We also made a lot of similar referrals ourselves on coins that aren’t quite for us, in one case directing a customer with an SLQ to a dealer likely to pay more for it than we would, and in another advising an attendee that he should not accept the lowball offer he had received on an off-quality gold coin and should instead try a different dealer. Which we were glad to later learn had yielded him 20% more than the first guy. Good deed done.
We were also surprised / bemused by the many people expressing interest in and wanting to see our 1781 Vermont 3 Pound note on Friday, a truly great piece of colonial currency and an item which last traded at auction more than a decade ago for just under $50,000. With the general reaction of Friday’s inexpert viewers all along the lines of “For a piece of old paper?”, and “Are these real signatures?”. Um, yes, and yes.
With our last yesses of the day the agreement to purchase a totally cool old-holdered Ike, and another on a token we found in the “budget” section of a familiar type in a never before seen metal which will look frankly spectacular on the website (if it makes it that far . . .).
And then we were off to the Hyatt for a drink, followed by dinner with some collector and dealer friends at Thai District where the level of spiciness can be ordered in 4 increasingly hot levels, and anything over 2 is pretty much inedible (and will inevitably end up in your eye when you are trying to mop your brow). So now you have been warned. Highly recommended though.
Returning to the hotel late to review the bids I left at Heritage and finding that we were literally outbid by one increment on most of them, except for 2 coins on which we were trumped by $35 (on a ~$1,500 coin), and in another case by $2 (literally) on a ~$2,000 coin.
Q: That’s not really possible, is it?
A: Sure. It can occur when you enter a proxy bid of, say $2,100, and someone else leaves a prior podium bid of $2,102. Voilà, you just lost by 2 bucks.
Of course that can be avoided by following the session live and bidding again, but for stock we prefer to enter our max bids and let them fly lest we end up catching a mild dose of auction fever and spending more than we want. Oh well. We’ll hope for better auction results in the internet sessions, and more action on the floor on Saturday before catching a late flight home.
From where are final LB RR will be penned from the comfort of our couch.
Until then, then –
September 7th: Day 4
Great news everyone – now back home, your author is thoroughly rested and ready to start typing!
Which I will now do by summarizing the just-completed LB Expo through another series of random observations presented in no particular order whatsoever:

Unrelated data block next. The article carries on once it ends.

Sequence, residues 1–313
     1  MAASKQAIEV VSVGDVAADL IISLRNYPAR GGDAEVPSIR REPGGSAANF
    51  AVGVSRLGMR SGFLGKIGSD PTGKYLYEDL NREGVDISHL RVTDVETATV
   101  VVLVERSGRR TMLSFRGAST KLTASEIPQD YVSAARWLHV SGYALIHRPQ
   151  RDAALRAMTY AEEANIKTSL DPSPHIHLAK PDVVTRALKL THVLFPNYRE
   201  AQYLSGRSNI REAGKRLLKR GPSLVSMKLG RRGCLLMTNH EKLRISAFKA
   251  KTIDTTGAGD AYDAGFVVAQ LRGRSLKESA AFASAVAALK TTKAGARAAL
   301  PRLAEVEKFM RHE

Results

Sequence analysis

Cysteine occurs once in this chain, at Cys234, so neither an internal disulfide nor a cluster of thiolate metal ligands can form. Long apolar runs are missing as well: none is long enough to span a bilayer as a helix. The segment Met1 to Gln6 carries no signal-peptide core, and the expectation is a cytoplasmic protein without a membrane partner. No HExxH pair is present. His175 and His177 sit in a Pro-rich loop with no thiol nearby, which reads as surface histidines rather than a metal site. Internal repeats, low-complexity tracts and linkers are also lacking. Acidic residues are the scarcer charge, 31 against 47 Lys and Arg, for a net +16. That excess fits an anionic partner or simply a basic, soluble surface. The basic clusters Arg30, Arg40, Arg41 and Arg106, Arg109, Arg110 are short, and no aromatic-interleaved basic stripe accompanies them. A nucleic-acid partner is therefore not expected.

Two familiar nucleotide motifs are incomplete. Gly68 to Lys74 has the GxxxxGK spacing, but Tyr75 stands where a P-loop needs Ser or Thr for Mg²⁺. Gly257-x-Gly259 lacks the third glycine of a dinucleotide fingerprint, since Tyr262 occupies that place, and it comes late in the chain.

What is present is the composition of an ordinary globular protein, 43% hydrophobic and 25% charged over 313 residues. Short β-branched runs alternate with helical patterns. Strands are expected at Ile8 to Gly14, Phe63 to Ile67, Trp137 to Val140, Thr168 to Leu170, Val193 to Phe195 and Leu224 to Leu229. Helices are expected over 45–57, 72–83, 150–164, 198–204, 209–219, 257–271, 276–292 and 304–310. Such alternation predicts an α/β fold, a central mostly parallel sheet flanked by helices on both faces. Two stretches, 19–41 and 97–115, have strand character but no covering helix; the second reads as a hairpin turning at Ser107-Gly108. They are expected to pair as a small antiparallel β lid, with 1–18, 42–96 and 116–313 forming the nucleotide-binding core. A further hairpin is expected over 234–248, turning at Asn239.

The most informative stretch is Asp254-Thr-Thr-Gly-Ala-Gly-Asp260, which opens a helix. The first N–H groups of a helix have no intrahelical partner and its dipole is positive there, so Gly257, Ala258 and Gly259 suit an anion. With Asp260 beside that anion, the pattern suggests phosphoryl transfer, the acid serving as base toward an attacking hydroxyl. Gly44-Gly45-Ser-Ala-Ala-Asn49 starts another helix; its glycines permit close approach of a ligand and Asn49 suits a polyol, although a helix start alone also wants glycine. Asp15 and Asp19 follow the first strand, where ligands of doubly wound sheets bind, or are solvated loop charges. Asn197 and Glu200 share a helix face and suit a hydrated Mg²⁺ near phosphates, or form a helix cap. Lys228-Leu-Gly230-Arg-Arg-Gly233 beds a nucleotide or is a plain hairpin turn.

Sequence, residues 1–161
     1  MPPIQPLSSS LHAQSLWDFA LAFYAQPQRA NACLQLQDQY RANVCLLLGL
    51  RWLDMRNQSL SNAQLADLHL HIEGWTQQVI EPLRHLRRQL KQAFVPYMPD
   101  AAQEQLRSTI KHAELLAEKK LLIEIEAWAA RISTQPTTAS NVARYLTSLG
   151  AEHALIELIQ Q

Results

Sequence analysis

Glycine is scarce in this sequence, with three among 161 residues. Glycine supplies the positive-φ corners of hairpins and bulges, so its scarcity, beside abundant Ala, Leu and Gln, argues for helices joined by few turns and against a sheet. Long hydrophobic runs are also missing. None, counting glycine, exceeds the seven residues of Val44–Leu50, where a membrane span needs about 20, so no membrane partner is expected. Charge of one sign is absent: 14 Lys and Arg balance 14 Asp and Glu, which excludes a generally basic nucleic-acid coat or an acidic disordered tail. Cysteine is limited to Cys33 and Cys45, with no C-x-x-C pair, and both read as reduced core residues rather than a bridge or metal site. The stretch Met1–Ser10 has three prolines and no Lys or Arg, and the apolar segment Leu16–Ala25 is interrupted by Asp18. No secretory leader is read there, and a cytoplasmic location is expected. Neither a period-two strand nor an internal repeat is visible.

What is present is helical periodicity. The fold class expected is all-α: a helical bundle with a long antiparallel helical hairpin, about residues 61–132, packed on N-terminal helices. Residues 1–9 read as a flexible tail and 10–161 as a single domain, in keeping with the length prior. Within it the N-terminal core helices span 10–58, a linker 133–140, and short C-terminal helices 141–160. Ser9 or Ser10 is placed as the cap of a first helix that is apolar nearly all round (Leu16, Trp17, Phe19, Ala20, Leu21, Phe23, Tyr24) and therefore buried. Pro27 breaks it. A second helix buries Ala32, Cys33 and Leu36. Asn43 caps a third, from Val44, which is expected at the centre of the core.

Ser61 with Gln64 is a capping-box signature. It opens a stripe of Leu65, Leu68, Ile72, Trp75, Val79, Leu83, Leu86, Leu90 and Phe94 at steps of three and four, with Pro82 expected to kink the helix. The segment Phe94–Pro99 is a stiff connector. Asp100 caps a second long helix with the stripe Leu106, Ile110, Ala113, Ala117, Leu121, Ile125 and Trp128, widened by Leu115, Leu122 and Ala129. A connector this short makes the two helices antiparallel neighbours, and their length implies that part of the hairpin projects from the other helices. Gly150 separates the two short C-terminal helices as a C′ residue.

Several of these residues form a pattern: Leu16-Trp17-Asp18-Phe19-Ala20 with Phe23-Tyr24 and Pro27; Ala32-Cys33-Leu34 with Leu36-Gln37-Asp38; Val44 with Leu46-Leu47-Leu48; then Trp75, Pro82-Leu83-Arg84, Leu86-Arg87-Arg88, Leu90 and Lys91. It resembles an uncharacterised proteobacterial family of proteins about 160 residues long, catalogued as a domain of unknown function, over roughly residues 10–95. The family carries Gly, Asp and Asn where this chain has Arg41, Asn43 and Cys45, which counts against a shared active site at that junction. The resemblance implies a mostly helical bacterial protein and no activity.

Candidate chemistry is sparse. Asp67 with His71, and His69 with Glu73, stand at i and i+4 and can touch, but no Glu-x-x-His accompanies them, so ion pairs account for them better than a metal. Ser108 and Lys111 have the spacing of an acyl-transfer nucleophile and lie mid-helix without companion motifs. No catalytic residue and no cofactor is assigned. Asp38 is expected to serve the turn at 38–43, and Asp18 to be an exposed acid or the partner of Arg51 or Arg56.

Based on a surprisingly large number of requests (one of which came in a voicemail message I would describe as “frantic”), we have included a photo here of the aforementioned Heritage Lot Viewing Big Top Circus Tent located smack dab in the middle of the otherwise utterly normal bourse floor:
That was really a good spot in our view, and certainly convenient for us dealers.
Grand LB Irony #1: One interesting aspect of the room dispute described here in our Day 1 RR was that the group that had commandeered the rooms was in fact the SBDC – the Small Business Development Center – whose stated mission of supporting small businesses apparently includes preventing an actual small business from actually conducting their business. SMH.
Now that I think about it, I’m not sure we have ever had worse on-site grading results at any show than we did this week in LB.
Still, our grading was probably more satisfying than most of our auction bidding, as our proxy bids were outbid by one measly increment on nearly everything, except the ones where we were outbid by a half-increment or the tiny fraction thereof reported yesterday.
Even so, our grading and auction bidding went better than our exercise schedule here which pretty much got obliterated in a sea of blog writing, email answering phone calling, auction prepping and other business activities. Hey, at least we got in our usual 15-20,000 steps daily marauding around the bourse floor.
Which we used to great effect, buying a lot of cool coins, making deals left and right, and selling to retail clients right up through early Saturday afternoon.
Speaking of auction lots, one that we were particularly interested to observe here was this lovely 1792 Washington Getz Pattern in an NGC MS62 BN holder which realized $117,000 on this day (images courtesy of HA):
Which is exactly $3,000 less than it realized when last sold by Heritage in a PCGS AU58+ holder back in January of this year (images courtesy of PCGS):
Which is pretty much what we expected, since AU58+ is such a popular grade, and in our experience an “upgrade” to MS62 isn’t necessarily more desirable or more valuable to many collectors.
Grand LB Irony #2: We purchased a coin from a dealer named M&M on Friday, and when we returned to deliver the check he was on his hands and knees behind the table picking up about 600,000 Peanut M&M candies from a giant party bag that had just dumped all over the floor.
Based on yet another generous gift from a dealer friend, MaryAnn too has joined the army of dealers (well, now 4 of us) wearing Spicolis at the show:
So of course we looked good as we completed another successful LB from which we will bring back about 50 NEWPs, many of which we hope to squeeze onto another epic EB on Tuesday.
Which we will begin working on as soon as we finish typing this sentence.